Thursday, January 13, 2011

Is there a Future for Middle Class Carrots?

I shop predominantly at farmer's markets during the spring and summer, cooking and freezing enough meals to last me through the cold, dry months of winter.  I recently received a coupon (!) for 20% off my produce purchase at a large supermarket chain and decided to try to stock up on some roasting veggies and perhaps even pick up enough for a fresh stir-fry.  While I was wary of the ginormous store boasting aisles upon aisles of pre-packaged junk food and non-supermarkety items like dvds and tchochkes, I never expected to find barely stocked vegetables rubbery and decrepit with age.

As a member of the hard-working, un-indebted middle-class, I identify with these carrots.  Why?  Because no one is standing up for them* as they wither away into oblivion.  And, lest you think these were an anomaly, here are their neglected, decaying brethren.

Responsible members of the middle class are being forced to bear the fiscal brunt of the country's current financial woes, suffering consequences that have stemmed from other people's irresponsibility.  My fellow veggies seem to be in the same boat.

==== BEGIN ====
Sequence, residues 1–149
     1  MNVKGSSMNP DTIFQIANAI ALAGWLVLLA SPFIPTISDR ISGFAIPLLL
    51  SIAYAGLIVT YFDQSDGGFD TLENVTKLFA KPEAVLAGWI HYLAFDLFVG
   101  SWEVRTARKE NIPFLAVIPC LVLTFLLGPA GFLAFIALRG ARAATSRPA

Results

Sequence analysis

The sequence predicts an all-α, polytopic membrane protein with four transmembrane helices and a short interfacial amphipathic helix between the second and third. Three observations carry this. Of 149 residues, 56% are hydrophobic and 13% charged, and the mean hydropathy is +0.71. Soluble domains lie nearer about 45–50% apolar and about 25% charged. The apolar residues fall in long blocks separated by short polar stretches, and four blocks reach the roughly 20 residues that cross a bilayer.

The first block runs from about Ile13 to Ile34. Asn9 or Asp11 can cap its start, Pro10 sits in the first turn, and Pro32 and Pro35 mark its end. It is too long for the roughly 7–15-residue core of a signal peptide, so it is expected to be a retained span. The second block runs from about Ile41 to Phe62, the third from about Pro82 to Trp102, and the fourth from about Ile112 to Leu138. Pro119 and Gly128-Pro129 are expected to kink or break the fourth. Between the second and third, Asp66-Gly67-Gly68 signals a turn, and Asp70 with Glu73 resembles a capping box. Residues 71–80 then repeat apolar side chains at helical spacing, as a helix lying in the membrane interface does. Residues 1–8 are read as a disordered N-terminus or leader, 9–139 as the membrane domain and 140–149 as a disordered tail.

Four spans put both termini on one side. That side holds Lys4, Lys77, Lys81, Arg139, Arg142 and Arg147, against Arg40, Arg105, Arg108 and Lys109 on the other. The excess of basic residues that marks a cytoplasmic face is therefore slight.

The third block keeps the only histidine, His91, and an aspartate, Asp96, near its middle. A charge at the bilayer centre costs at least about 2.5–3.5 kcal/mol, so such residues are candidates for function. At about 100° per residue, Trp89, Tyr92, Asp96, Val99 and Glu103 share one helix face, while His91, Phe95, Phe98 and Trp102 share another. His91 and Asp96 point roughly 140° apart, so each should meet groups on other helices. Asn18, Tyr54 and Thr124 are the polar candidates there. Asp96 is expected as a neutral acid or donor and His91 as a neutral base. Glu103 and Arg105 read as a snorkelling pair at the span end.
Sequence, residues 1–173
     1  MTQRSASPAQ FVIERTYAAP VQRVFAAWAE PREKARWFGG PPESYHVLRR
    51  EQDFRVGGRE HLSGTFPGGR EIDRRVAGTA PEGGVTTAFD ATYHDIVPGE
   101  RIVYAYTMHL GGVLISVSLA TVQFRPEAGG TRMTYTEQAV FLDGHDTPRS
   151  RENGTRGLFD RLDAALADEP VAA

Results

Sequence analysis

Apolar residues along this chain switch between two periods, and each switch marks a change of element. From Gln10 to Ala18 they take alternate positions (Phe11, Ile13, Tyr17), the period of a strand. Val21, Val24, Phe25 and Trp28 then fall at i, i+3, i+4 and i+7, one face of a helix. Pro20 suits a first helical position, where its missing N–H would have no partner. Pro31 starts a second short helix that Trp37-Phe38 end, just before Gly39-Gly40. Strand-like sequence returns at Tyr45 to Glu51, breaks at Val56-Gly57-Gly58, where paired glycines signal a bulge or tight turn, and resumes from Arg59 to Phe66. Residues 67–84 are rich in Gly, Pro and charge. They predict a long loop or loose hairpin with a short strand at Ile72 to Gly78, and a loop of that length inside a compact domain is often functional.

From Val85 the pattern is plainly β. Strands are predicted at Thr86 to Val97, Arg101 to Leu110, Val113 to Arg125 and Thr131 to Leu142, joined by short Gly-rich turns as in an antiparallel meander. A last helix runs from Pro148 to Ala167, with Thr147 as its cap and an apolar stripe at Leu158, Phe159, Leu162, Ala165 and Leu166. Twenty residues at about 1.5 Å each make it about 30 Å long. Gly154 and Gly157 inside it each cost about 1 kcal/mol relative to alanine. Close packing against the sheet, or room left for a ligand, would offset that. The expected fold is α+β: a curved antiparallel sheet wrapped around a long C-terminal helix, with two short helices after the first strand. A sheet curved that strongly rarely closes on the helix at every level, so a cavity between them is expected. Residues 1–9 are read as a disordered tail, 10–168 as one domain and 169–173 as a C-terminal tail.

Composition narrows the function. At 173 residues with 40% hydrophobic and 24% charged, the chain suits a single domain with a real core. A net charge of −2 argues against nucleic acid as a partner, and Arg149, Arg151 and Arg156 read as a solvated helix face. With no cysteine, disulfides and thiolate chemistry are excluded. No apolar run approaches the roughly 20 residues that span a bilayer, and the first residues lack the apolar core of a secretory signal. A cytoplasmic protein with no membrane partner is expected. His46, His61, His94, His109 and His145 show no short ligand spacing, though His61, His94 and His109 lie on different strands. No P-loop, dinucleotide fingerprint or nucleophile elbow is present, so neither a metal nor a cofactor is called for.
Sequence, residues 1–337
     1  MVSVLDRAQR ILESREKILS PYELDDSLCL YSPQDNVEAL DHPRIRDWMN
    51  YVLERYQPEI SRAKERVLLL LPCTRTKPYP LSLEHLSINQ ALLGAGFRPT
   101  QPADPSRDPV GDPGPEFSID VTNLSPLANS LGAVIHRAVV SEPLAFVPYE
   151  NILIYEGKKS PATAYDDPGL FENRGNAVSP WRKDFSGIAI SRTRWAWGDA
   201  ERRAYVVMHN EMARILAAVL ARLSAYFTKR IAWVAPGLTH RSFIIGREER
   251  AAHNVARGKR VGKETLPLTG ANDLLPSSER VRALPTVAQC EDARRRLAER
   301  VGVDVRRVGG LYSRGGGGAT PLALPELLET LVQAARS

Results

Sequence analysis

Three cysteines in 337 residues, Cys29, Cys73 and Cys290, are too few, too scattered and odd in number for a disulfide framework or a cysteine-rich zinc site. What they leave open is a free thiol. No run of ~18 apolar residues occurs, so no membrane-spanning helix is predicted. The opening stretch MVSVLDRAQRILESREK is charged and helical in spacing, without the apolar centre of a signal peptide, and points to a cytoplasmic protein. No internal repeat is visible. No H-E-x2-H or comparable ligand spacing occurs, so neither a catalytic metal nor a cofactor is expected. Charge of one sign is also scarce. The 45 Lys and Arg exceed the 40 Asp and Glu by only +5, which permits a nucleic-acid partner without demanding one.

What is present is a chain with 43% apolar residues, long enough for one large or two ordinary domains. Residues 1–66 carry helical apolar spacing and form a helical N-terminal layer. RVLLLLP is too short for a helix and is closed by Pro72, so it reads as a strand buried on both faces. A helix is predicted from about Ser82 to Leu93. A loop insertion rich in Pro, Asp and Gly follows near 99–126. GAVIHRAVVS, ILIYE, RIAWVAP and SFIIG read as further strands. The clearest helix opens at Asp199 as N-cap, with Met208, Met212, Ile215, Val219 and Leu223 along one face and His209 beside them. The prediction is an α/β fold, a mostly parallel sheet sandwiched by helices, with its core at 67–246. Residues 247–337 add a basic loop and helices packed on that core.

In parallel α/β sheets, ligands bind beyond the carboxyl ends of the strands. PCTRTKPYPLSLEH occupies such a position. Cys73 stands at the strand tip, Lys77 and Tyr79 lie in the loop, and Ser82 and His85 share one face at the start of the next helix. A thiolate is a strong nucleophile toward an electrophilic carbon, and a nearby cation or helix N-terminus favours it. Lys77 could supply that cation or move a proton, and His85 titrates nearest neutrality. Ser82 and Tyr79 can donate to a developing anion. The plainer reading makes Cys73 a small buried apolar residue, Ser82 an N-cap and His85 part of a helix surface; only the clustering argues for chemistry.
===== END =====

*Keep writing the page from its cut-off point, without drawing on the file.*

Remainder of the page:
Between skyrocketing prices, minimal availability, and vile representation, for many people fresh produce is being squeezed out of the daily food pyramid just as the middle class is being obliterated from the American landscape.

The meat and dairy industries have the money to finance television commercials and print ads to keep themselves flush amidst gross misconduct, but who is standing up for the venerable carrot?

* I did contact the offending supermarket, Stop & Shop, to complain, but I have received no response.


  1. Did the snow prevent delivery of fresh produce? Those veggies are looking sad. :(

  2. I'd like to give them the benefit of the doubt, Andrea, but alas this shopping trip was 10 days after the first snowstorm, and 7 before the second. I'll note that I do stop in any # of their markets from time to time b/c for some reason they have organic kale for $0.81/lb, but it's usually in just as sad shape as these poor carrots. So, sadly, this is not an unusual offering.

  3. Look's like a vegetable holocaust.


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